toileting & bathing older adults
- 0Feb 25, '13 by marsy82I'm about to begin working in an aged care complex but have never been exposed to this sort of environment before. What is the usual method of bathing & toileting elderly clients in these facilities? Are residents usually able to take care of themselves or does the nurse usually have to help shower/bathe them? Can you describe a scenario?
I'd also like to know what is the most common thing you find yourself doing as a cna, obviously duties vary depending on the client's needs but is there one thing you find yourself doing more than anything else during a typical day?
Any other useful information would be much appreciated, I want to be as prepared as possible before beginning thanks
- 0Feb 26, '13 by i_love_patient_careIn a bathing situation, I usually see how well they move when I'm transferring them. If their arms are mobile, then I let them clean as best they can with one wash rag. With the other one I start with their back, and watch what they're doing in the front. The ones who are very independent will clean their own perineal area. If they can't reach, or aren't coordinated enough, then I take over on that type of care. Each person is going to be a learning experience. What I do most depends on which shift. Day shift, it's just a giant race against time to get all of it done. PMs are more chill, and nights are even more chill. Assisted living, though, I would assume they're a lot more independent than a nursing home. The ones that would come from assisted living to my SNF would be discharged back to the assisted living after getting better enough to get up and do for their self.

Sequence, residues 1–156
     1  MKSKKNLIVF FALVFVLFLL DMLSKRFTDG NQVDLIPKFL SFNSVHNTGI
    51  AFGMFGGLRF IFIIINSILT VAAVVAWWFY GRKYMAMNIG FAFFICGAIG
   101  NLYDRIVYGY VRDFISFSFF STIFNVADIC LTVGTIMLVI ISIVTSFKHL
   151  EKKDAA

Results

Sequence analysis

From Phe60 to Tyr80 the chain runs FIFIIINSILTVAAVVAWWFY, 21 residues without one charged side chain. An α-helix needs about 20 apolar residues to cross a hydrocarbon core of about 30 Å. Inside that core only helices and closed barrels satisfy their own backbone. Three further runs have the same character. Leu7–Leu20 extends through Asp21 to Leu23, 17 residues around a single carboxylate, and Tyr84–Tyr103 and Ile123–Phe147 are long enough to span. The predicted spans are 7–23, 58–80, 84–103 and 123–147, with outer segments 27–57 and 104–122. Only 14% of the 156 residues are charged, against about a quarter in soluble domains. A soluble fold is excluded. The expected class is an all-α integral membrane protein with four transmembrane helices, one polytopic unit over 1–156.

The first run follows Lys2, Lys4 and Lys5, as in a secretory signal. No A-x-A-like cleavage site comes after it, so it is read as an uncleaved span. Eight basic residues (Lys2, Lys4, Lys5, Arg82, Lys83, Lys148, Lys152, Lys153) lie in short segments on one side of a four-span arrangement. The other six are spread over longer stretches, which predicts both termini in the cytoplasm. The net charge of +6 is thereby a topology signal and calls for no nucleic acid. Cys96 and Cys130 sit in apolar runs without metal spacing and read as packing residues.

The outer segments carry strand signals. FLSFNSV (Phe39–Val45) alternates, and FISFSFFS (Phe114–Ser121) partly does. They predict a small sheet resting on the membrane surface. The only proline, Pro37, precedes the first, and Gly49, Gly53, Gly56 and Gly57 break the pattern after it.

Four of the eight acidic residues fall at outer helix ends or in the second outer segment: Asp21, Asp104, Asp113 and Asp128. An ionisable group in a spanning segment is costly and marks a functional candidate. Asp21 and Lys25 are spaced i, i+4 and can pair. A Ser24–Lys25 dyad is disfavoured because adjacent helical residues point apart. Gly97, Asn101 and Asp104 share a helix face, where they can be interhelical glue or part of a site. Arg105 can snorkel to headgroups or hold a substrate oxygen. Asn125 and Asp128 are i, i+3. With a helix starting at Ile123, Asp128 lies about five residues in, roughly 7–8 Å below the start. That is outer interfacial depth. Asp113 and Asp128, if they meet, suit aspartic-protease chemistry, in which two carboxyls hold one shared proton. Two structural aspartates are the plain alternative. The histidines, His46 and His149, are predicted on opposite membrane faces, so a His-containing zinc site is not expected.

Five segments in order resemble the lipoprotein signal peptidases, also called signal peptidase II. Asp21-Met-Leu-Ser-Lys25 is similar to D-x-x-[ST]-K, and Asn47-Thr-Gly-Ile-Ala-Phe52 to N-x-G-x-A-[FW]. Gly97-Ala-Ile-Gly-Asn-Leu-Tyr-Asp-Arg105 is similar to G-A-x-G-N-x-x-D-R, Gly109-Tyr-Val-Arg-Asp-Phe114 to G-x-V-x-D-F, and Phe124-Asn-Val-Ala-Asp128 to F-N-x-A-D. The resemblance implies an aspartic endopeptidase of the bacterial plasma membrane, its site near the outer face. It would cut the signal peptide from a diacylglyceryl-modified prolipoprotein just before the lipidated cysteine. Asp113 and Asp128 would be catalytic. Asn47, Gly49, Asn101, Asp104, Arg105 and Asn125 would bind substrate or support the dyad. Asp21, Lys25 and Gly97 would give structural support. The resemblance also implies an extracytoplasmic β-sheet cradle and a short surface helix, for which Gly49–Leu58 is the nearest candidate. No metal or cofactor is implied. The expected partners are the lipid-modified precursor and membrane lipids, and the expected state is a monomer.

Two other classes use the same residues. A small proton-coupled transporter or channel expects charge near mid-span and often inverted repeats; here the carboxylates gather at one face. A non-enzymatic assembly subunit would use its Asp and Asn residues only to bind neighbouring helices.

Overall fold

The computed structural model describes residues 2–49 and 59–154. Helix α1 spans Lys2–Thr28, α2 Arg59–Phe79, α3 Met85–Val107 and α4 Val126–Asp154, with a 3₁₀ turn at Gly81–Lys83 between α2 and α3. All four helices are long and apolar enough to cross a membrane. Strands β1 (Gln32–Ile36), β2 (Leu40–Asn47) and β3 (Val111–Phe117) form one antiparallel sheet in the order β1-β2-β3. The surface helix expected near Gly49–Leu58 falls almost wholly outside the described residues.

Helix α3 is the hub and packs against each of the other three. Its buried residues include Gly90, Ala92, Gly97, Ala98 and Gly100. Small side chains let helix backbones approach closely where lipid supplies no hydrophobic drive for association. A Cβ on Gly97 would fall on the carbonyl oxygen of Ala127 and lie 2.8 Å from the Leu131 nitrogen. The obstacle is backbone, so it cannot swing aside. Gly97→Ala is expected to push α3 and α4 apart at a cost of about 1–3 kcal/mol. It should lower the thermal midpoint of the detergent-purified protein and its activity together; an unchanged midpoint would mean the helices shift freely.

- 0Feb 26, '13 by cbOmahaNEMy advice is to take notes while you're being orientated to the facility and the patients. Everyone has their own preferences and elderly patients can get very agitated if they have to repeat the same things to you. But if you already know what they want, they'll be much more cooperative.
I worked the day shift in a facility with 13 patients for a year before I got burned out. 13 might not sound like many but myself and one other CNA were responsible for all of their ADLs, baths, activities, etc plus I am a Med Aide so I would regularly also have to pass meds. Now I work overnights. I do rounds to change briefs and reposition people every two hours, answer a few call lights and study or watch movies the rest of the time. It's so much less physically demanding.
- 0Feb 26, '13 by marsy82Thanks for the info guys, I will definitely take a notepad with me thanks for the tip. I believe we only have 1 day orientation, does this mean that after this time I will be left on my own or will I still be able to receive help until I know the routine? I really doubt I will learn everything I need to know in one day :-/